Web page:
After Diesel won the title, he went on to a nearly one-year reign. During that time, Royal Rumble drew a 1.0 buyrate, WrestleMania drew a 1.3, and SummerSlam had a 0.9. Those three PPVs were well within the “success” range we defined in the Eric Bischoff case. Want to know more? The first four In Your Houses EVER were during Diesel’s reign. You have to realize, the idea of a PPV outside the Big 5 had never been attempted before, but the WWF needed to respond to the monthly PPV model that WCW had launched. So the idea of the minor PPV was born with In Your House 1, as Diesel defeated Sid Vicious by DQ for a 0.83 buyrate. Not a bad way to start at all.

So yes, the other In Your House PPVs did not fare as well, eventually settling at a 0.4 for In Your House 4. But look at these cards:

Royal Rumble — Diesel and Bret Hart battled to a draw, Shawn Michaels won the Royal Rumble

WrestleMania —Diesel defeated Shawn Michaels, Lawrence Taylor defeated Bam Bam Bigelow in the main event

In Your House 1 — Diesel defeated Sid Vicious by DQ

King of the Ring — Mabel wins KoTR, Diesel and Bam Bam Bigelow defeated Sid Vicious and Tatanka

In Your House 2 — Lumberjack match: Diesel defeated Sid Vicious

SummerSlam — Diesel defeated Mabel

In Your House 3 — Diesel and Shawn Michaels defeated Yokozuna & The British Bulldog for the World Tag Team Championships

In Your House 4 — British Bulldog d. Diesel by DQ

Survivor Series — Bret Hart defeated Diesel for the championship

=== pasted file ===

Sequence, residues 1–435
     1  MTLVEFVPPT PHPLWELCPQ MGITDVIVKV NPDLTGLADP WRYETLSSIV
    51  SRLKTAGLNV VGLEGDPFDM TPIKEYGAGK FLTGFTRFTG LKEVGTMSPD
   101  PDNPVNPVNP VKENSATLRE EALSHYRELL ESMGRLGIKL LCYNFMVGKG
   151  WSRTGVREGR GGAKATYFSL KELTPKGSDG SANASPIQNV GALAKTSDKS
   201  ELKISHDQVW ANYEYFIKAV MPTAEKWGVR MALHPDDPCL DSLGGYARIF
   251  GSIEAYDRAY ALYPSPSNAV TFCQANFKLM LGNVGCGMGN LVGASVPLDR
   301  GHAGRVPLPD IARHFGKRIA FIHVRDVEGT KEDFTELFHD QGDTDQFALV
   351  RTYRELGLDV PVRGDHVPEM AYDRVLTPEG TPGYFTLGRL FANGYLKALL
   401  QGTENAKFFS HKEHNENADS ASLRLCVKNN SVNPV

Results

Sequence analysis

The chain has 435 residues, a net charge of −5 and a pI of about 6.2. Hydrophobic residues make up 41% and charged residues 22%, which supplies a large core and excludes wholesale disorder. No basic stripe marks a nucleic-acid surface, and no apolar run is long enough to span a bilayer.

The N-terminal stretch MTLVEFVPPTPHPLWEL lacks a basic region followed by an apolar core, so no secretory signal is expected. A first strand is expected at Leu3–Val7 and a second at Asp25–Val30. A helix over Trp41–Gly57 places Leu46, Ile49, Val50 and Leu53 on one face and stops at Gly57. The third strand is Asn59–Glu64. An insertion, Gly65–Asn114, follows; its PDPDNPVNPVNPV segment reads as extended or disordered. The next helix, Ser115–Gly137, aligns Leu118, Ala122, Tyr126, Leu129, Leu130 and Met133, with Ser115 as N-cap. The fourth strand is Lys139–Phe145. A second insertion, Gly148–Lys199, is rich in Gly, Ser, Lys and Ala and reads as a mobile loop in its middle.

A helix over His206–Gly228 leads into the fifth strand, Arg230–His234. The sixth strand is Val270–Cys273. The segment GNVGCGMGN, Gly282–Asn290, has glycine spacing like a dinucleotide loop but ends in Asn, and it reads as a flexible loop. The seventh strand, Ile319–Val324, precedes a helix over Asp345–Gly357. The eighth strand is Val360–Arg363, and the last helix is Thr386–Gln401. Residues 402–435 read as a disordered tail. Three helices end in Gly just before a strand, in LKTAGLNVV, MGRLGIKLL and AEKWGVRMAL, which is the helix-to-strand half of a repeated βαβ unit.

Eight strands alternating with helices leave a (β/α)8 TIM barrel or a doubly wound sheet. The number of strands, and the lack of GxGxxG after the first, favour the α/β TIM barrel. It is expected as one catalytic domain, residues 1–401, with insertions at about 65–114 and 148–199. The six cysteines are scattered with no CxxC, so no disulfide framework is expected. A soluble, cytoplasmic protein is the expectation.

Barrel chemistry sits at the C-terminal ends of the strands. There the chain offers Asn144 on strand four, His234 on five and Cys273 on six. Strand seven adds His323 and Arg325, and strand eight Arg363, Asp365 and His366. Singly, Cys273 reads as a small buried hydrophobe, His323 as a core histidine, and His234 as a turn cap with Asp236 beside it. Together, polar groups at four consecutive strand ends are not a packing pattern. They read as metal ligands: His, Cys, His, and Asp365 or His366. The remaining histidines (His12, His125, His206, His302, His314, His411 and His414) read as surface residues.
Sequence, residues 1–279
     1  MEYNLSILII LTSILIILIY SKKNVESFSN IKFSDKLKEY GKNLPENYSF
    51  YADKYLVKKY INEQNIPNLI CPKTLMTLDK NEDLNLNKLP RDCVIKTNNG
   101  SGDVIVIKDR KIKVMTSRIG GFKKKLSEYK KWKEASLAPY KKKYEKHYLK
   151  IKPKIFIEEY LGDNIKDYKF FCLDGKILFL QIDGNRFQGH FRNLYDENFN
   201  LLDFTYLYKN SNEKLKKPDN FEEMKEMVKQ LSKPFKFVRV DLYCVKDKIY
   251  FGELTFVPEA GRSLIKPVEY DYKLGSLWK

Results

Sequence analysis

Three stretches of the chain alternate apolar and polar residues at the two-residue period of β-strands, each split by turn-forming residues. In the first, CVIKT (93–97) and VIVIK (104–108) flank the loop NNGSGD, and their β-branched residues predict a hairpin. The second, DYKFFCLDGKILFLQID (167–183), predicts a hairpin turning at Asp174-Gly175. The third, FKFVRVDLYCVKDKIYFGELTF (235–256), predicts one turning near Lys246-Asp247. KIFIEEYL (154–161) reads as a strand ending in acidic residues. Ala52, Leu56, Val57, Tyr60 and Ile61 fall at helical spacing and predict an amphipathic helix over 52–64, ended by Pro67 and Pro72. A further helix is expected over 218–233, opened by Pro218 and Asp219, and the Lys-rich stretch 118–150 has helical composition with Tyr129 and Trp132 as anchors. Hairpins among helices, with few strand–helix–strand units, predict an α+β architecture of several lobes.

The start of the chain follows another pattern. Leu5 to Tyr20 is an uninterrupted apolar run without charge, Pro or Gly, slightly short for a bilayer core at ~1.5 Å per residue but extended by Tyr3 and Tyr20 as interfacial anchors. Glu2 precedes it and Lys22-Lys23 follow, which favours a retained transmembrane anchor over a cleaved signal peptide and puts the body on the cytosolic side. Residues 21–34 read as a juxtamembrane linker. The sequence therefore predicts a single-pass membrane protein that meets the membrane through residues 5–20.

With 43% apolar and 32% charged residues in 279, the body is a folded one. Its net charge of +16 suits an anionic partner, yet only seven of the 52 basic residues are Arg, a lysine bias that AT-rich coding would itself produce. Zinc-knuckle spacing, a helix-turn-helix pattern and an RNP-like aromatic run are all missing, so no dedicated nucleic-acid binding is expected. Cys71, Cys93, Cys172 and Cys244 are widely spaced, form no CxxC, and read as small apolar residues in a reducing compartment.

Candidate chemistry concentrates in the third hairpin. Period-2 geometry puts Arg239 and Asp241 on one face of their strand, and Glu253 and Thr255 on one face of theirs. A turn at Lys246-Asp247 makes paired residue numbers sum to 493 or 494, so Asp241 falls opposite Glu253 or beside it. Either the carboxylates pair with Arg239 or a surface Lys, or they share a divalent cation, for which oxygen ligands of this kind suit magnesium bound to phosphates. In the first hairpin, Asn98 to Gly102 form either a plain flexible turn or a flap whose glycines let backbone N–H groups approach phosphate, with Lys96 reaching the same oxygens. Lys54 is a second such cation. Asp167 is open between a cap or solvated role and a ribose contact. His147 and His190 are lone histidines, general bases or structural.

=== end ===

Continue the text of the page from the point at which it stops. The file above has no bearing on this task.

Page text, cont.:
Three non-endings, two tag team matches, one PPV headlined by a football player, and one match with Mabel. That’s enough to anger any wrestling fan into not wanting to watch WWF, go to their shows, or order their PPVs.

And who’s fault is that? Did Kevin Nash go to Vince McMahon and say, “Vince, I want to fight in a bunch of matches that don’t have endings. And while you are at it, could you make Mabel the King of the Ring?”? Of course not! The WWF bookers and Vince McMahon are responsible for the content and results, not the man with the belt on his waist.

But let’s pretend it was all Nash. Let’s say Nash is 100% responsible for the PPV buyrates. During Diesel’s 12-month title reign, the average PPV buyrate was a 0.78. Yes, that is below our minimum overall success range, but it is not the worst of all time. From May 1996 to April 1997 (or July 1996-June 1997, depending on how you round), the 12-month average PPV buyrate was a 0.59 for the WWF. So there you have it. Diesel was not the worst drawing WWF champion on PPV buys either.

Wrapping up the numbers

Was Diesel the best drawing champion of all time? No. Were his ratings on Raw, house show attendances, and PPV buyrates somewhere from mediocre to mildly successful? Yes. Were they the worst ever? Absolutely not.

Kevin Nash may not have been the best champion ever, but he was a far cry from the worst. He went out, did his job, had two 4+* matches with Bret Hart, and did what he loved to do: wrestle. And we’ll prove his love of wrestling soon enough, don’t you worry.